A man was kept in isolation on Monday while doctors tested him for a possible Ebola infection.
On Monday afternoon, officials at Manhattan's Mount Sinai Hospital confirmed that an unidentified man who recently traveled to West Africa was put in quarantine for testing after he showed symptoms thought to be consistent with the Ebola virus.
"After consultation with CDC and Mount Sinai, the Health Department has concluded that the patient is unlikely to have Ebola. Specimens are being tested for common causes of illness and to definitively exclude Ebola," officials with the city agency said late Monday.
The man reportedly reported to the hospital's emergency room on Sunday evening showing signs of gastrointestinal problems and high fever. However, officials said he did not display any of Ebola's known risk factors for a person who visited an Ebola-epidemic country.
More than 880 people have reportedly died in Sierra Leone, Liberia and Guinea from the deadly virus.
"The patient has been placed in strict isolation, and is currently undergoing medical screenings to determine the cause of the symptoms," the hospital wrote in a statement when news of the possible infection broke. "All necessary steps are being taken to ensure the safety of all patients, visitors and staff."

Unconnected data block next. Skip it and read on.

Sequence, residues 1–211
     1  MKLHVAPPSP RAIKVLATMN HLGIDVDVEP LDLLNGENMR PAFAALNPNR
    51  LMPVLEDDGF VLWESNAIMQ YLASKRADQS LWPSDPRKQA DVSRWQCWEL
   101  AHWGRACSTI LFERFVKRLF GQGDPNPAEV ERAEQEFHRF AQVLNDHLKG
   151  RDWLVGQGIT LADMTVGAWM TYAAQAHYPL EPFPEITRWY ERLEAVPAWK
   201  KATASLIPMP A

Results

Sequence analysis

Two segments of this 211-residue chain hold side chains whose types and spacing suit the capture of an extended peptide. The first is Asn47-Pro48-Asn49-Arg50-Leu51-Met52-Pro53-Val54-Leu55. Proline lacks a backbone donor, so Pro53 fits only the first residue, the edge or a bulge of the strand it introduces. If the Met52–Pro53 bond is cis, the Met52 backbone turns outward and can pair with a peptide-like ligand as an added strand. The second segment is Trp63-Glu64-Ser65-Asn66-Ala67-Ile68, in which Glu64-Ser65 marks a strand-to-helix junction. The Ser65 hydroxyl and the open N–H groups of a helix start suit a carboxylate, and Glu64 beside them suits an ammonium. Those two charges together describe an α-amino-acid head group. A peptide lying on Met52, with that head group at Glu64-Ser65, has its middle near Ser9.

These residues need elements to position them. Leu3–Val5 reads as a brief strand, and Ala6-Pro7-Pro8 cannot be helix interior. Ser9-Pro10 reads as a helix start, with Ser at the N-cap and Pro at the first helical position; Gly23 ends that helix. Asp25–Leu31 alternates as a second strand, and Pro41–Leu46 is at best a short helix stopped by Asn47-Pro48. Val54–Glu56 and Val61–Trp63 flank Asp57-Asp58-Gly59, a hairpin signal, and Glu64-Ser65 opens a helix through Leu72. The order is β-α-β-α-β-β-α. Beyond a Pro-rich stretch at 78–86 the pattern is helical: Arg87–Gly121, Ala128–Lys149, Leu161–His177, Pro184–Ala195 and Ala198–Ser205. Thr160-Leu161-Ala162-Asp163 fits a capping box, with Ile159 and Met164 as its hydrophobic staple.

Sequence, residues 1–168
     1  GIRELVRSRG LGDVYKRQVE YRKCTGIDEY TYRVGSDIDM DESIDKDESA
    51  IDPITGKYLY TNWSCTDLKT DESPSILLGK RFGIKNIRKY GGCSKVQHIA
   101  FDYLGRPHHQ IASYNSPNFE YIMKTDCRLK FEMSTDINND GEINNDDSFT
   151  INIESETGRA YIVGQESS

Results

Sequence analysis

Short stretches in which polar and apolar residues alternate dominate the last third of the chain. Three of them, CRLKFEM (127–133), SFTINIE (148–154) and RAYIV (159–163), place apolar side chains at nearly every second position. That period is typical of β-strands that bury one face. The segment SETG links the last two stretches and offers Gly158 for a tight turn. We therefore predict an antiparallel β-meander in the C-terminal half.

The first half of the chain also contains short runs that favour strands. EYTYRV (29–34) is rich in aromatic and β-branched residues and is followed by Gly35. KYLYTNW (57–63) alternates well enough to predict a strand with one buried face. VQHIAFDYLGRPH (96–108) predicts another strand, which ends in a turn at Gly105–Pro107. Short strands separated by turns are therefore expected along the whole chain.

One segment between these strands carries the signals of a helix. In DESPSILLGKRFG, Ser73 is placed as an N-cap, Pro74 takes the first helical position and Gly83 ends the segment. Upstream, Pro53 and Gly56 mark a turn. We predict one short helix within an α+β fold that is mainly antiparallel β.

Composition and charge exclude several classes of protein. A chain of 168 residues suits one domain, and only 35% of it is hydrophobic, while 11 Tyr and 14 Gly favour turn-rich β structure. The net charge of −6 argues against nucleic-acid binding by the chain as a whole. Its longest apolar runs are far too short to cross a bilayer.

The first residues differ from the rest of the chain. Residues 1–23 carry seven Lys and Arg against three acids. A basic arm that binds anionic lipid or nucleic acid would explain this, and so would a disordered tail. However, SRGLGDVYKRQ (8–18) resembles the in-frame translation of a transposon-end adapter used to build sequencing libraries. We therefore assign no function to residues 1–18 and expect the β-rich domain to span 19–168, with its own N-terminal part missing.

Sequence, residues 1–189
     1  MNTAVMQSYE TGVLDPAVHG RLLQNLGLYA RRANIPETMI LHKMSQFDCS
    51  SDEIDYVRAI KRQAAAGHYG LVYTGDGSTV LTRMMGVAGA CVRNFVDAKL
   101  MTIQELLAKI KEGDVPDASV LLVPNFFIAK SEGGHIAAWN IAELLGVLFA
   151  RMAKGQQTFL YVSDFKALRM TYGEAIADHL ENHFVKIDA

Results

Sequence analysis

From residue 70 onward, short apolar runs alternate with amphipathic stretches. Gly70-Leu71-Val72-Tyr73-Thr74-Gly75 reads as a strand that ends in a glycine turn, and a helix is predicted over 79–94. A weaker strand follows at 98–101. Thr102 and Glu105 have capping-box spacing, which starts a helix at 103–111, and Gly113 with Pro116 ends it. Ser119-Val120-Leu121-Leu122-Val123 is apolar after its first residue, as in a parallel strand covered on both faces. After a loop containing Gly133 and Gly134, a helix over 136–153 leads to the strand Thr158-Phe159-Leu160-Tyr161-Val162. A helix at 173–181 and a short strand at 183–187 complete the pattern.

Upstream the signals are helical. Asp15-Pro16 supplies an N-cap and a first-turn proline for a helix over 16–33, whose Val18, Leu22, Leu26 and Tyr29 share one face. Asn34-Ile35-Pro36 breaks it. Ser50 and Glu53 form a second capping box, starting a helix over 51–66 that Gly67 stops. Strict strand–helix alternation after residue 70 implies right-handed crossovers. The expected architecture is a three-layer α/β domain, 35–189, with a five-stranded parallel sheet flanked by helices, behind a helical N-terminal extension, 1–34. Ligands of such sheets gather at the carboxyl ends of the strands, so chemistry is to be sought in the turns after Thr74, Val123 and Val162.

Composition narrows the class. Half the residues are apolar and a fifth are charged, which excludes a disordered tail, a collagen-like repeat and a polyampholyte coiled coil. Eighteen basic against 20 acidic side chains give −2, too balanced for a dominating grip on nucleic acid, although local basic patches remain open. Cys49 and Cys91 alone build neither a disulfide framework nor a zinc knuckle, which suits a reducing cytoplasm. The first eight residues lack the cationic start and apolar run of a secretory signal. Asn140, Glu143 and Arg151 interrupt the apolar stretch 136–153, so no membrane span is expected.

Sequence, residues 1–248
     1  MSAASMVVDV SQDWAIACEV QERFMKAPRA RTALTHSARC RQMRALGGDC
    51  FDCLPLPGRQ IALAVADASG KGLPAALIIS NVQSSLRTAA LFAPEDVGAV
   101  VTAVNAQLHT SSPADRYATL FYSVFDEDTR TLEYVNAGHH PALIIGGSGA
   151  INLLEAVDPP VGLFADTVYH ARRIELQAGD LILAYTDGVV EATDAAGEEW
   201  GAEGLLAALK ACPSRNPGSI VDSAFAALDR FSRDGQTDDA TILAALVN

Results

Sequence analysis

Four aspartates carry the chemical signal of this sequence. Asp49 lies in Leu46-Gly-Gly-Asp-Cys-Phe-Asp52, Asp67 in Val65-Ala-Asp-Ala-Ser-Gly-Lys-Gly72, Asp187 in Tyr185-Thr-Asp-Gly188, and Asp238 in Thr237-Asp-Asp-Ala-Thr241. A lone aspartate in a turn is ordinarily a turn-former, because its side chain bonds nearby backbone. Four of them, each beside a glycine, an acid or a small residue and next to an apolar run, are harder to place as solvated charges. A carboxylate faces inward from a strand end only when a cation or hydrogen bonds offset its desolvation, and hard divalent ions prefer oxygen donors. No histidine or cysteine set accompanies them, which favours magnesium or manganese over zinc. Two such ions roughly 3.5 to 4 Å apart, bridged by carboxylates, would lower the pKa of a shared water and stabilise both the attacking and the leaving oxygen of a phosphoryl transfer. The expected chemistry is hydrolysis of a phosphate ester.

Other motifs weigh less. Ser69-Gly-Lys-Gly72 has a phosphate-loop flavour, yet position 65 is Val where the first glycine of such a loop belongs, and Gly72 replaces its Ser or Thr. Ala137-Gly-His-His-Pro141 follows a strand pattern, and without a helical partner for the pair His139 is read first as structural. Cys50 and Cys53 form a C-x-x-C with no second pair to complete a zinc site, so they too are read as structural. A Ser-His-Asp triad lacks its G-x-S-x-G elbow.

There was no indication of when testing for the source of the man's symptoms would be released, and doctors declined to reveal any details about the patient — including whether he is an American citizen and what country he traveled to. Still, doctors urged caution until final confirmation.
"If this were a case of Ebola, which we do not know, it is not transmitted by casual contact," Mount Sinai President David Reich told reporters Monday evening.
While the cause of outbreaks are hard to tell, experts say that the virus can be transmitted between humans but cannot be caught through air, food or water.
Infections between humans typically requires close contact with an infected patient's bodily fluids — including blood, sweat and saliva.
If infected, the virus can incubate from anywhere between 2 to 21 days, at which point patients can begin to exhibit symptoms including fever, joint and muscle pain, headaches sore throats, vomiting diarrhea.
There is no vaccine for Ebola, but people have survived infection with medical care.
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